Iraqi Prime Minister Nouri al-Maliki has appealed for calm and dialogue as Sunni protesters battle his security forces for a third consecutive day in several parts of northern and central Iraq.
In a nationally-televised address on Thursday, Maliki urged Iraqis "not to remain silent" about what he called efforts by "terrorists" to drag the country toward a sectarian civil war. He warned that if sedition spreads, there will be "no winners and losers, everyone will lose."
Maliki's security forces surrounded the northern town of Suleiman Beg in preparation for trying to recapture it, a day after Sunnis took control of the area near the city of Tuz Khormato.
The seizure was one of several incidents carried out by Sunnis on Wednesday, in apparent revenge for government troops raiding a Sunni protest site in the central town of Hawija on the previous day.
Sunni militia also tried to seize parts of the northern city of Mosul late Wednesday, triggering a battle with security forces that killed at least 40 people, about 30 of them gunmen. Iraqi troops regained control of the area on Thursday.
Tuesday's government raid on Hawija sparked fighting that killed at least 53 people. Iraqi authorities said security forces entered the camp to crack down on Sunnis militants suspected of infiltrating the demonstration.
The three days of fighting are the deadliest in four months of protests by Iraq's minority Sunnis, who have been demanding the resignation of Maliki, a majority Shi'ite.
They accuse his Shi'ite-led government of marginalizing the Sunni community and unfairly targeting its leaders for prosecution and arrest.
In his address, Maliki said he will not allow the security forces to "infringe on the dignity of citizens." He also said no one will be allowed to infringe on the dignity of the Iraqi army and police whom he called Iraq's sources of "pride and strength."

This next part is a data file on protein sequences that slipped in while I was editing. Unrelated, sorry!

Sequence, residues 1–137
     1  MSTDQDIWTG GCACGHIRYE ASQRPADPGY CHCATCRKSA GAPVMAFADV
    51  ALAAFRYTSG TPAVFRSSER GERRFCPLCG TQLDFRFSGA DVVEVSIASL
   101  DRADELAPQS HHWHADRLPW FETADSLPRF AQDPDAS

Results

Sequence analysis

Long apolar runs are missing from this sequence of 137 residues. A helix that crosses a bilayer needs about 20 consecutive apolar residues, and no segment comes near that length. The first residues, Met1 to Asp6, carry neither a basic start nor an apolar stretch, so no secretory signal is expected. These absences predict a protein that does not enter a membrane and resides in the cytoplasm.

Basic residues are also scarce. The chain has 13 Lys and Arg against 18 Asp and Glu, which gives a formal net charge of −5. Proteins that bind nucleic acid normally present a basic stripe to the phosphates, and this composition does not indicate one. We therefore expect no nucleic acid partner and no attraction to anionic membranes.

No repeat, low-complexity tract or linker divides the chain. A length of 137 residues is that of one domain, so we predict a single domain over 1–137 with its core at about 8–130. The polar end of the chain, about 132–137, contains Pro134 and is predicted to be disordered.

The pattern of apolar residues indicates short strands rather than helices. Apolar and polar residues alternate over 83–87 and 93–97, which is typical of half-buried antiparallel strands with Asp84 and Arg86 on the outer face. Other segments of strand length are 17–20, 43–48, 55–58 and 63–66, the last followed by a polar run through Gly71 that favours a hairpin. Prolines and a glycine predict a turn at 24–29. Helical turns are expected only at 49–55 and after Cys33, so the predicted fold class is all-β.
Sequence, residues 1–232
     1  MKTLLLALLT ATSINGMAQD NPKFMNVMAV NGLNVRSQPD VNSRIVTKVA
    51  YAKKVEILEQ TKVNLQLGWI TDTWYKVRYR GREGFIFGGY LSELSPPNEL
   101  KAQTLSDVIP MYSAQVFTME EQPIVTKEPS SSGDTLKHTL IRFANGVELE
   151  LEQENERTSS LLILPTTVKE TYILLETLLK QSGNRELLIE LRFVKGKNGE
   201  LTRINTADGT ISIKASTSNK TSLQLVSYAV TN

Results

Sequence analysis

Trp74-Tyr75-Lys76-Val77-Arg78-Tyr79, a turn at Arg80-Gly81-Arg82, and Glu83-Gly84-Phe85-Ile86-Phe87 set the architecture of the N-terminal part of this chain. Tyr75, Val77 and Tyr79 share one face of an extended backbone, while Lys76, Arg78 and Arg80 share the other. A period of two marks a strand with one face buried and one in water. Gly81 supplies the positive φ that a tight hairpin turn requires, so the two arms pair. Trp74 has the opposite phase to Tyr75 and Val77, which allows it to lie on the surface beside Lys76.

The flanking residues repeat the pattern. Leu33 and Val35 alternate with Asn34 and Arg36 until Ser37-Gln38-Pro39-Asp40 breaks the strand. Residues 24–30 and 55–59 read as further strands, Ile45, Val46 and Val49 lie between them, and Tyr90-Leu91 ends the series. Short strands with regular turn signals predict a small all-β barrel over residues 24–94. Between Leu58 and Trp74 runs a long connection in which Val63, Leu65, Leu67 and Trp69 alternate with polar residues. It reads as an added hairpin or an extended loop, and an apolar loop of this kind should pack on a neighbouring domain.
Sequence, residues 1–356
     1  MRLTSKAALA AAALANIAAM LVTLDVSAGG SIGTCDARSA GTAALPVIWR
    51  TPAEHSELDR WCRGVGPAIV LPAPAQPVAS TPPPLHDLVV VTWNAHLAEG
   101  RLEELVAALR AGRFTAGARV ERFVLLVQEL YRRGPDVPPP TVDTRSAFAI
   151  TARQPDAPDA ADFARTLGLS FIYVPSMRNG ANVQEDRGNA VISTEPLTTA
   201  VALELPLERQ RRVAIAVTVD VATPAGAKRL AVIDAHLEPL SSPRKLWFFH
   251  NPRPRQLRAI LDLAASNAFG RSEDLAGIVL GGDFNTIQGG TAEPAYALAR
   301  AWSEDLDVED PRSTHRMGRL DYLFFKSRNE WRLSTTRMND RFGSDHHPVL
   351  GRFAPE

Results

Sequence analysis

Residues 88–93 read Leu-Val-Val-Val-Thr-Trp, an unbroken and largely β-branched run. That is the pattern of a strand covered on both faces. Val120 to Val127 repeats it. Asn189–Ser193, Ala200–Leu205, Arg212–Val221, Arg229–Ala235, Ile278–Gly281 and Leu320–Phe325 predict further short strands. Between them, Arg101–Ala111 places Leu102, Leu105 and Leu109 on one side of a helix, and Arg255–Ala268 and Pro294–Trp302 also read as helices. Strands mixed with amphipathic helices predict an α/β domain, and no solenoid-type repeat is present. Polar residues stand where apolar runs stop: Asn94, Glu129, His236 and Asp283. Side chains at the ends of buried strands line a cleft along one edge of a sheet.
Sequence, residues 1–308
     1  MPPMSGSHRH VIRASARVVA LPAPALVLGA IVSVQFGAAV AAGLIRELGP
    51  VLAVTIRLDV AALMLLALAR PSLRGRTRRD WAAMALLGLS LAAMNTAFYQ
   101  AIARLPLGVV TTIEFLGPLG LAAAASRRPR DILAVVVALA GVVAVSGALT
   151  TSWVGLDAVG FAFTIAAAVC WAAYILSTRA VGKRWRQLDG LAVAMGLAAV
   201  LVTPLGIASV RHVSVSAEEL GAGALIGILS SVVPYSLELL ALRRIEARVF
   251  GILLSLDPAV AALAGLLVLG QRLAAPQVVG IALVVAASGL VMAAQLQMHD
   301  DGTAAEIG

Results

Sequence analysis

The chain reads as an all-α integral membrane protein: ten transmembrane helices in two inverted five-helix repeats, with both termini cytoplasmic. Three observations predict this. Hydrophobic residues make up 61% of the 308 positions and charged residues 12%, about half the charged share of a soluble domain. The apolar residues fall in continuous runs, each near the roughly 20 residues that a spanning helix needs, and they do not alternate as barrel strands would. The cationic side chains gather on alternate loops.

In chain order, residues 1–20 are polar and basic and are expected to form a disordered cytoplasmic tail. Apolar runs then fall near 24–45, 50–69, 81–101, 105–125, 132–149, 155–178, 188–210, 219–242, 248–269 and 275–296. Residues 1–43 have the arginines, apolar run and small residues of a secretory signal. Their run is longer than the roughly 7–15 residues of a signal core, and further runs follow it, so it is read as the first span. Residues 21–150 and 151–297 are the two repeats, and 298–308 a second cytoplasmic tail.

Analyst Anthony Cordesman of Washington's Center for Strategic and International Studies said some of Iraq's elite army units are very good, but small in size and cannot cover the whole country.
"That means they are going to be a lot of areas which will be vulnerable." he said.
In an interview with VOA prior to the Hawija raid, the former U.S. State Department and Defense Department official said regular Iraqi army units are capable of formal security measures, but are not particularly effective in dealing with armed opposition.
"The Iraqi army is divided," Cordesman said. "Often it is focusing on Shi'ite areas or is creating tension with Sunni areas rather than acting as a source of security," he said.
The analyst also said many elements of the Iraqi police are not effective, with the exception of national police units.
"Most Iraqi police forces reverted to a relatively passive, corrupt and ineffective state within months of the U.S. troop departure [in December 2011]," he said.